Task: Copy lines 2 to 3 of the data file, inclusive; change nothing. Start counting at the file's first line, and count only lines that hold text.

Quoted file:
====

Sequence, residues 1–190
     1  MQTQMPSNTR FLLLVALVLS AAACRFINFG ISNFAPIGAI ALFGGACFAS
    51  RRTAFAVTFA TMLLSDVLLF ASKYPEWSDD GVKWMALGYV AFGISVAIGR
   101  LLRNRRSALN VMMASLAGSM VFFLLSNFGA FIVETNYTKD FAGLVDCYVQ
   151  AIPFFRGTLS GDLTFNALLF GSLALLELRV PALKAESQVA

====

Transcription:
     1  MQTQMPSNTR FLLLVALVLS AAACRFINFG ISNFAPIGAI ALFGGACFAS
    51  RRTAFAVTFA TMLLSDVLLF ASKYPEWSDD GVKWMALGYV AFGISVAIGR